trinamiX GmbH specializes in infrared sensing solutions, while Scottsdale, Arizona – based VIAVI has expertise in network assurance and light management. Together, the tech companies will be developing the tools to put high-speed skin assessment capabilities into smartphones.
Smartphones are about to get a whole lot smarter about what they ‘see’
“We are very excited about VIAVI joining us as a strong partner, whose state-of-the-art optical solutions have been constantly pushing the envelope on what is technically possible within mobile handsets and other consumer electronics,” says Dr. Wilfried Hermes, Director of IR Sensing at trinamiX, in this week’s media release about the international tech partnership.
“This,” he says, “is an important milestone towards creating a first-class ecosystem around an exciting technology that will enhance our smartphone experience in the near future.”
The team at VIAVI is equally excited about the combined potential of trinamiX’s infrared sensing products and their own light management solution. Markus Bilger, Senior Director Product Line Management at VIAVI, tells the press, “trinamiX has broken new ground by introducing plans to bring spectroscopy to everyone. We are incredibly proud to be working with trinamiX on the next game-changing innovation that will redefine our understanding of a smartphone.”
trinamiX and VIAVI collaborate on molecular-level skin assessment technology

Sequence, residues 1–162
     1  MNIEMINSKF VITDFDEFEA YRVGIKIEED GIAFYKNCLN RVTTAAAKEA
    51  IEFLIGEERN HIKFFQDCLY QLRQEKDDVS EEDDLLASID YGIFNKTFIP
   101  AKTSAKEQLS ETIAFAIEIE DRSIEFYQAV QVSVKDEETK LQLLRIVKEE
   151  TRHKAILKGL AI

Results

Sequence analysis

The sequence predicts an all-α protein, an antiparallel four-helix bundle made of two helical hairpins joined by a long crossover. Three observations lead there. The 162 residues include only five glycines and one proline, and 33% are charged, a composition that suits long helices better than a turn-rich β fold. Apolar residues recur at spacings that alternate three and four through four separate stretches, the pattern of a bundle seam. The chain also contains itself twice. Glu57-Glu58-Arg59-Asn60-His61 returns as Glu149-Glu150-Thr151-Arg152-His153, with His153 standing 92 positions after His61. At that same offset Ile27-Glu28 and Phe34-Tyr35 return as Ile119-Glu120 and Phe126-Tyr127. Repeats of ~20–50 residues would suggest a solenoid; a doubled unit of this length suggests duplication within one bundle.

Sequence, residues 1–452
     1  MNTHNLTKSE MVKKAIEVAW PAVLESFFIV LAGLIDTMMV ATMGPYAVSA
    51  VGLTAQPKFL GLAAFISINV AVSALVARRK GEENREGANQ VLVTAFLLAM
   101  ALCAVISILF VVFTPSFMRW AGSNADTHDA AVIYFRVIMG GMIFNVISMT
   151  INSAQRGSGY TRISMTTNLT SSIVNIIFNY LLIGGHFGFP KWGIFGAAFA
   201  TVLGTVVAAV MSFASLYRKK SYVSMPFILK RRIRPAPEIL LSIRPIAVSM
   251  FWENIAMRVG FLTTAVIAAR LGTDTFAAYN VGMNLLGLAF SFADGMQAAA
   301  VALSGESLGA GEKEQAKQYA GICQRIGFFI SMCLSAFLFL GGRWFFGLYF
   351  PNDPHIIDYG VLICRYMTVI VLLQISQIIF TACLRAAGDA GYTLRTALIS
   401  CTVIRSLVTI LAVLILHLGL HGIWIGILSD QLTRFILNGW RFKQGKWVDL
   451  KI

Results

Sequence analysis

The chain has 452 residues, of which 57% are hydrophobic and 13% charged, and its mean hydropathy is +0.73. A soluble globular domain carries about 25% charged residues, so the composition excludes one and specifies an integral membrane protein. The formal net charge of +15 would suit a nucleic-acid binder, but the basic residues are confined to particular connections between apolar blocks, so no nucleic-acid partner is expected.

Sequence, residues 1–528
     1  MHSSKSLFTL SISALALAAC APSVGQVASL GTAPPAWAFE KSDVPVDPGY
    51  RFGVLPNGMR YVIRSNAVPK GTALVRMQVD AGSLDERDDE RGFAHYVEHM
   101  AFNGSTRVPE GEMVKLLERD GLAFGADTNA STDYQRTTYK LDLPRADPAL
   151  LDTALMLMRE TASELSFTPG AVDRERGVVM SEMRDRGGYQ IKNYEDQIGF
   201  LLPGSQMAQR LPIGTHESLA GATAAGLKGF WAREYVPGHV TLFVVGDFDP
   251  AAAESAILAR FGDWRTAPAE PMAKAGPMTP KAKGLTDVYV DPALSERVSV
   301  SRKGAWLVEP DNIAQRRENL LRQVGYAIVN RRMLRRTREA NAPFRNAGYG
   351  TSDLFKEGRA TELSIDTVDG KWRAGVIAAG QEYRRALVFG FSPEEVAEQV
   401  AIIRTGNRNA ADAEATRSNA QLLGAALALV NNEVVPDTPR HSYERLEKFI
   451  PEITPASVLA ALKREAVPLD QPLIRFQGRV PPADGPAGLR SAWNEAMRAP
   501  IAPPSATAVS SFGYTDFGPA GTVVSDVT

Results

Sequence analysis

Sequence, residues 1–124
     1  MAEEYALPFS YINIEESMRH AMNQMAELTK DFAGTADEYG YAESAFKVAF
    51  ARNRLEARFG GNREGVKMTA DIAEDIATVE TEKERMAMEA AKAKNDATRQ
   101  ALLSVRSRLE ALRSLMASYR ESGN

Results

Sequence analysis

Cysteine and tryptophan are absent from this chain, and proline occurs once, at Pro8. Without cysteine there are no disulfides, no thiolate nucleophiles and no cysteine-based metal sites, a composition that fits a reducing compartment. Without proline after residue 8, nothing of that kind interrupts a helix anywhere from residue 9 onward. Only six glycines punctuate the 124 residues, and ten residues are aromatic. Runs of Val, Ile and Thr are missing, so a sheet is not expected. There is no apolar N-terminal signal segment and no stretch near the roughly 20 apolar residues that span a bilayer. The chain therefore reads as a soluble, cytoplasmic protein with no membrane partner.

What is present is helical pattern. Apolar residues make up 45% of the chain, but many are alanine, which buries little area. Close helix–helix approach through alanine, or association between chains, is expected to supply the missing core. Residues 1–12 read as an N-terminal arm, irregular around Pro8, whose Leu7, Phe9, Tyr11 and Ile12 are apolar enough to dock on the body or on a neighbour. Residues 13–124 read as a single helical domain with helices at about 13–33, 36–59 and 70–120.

The two companies together are dedicated to developing near-infrared spectroscopy capabilities that can be integrated into next-gen smartphone models.
And “as part of this new functionality, future smartphones will enable consumers to quickly and easily scan their skin on a molecular level to receive near-instantaneous suggestions on optimal skincare products for use on that day,” explains the media release.
trinamiX previewed the new functionality at the 2020 Qualcomm Snapdragon Tech Summit, an event that showcases not only the latest tech from Qualcomm’s system-on-chip capabilities for mobile but also features other technologies coming to mobile devices in the year(s) ahead.
The technology in question scans and assesses the molecular composition of any material. In the case of beauty tech, that material is human skin. A video shown at last year’s Qualcomm summit suggests the skin assessment tool will be used to measure both skin moisture and skin lipid levels and recommend product accordingly; the video also suggests that this will be the first of many applications of consumer-held NIR spectroscopy.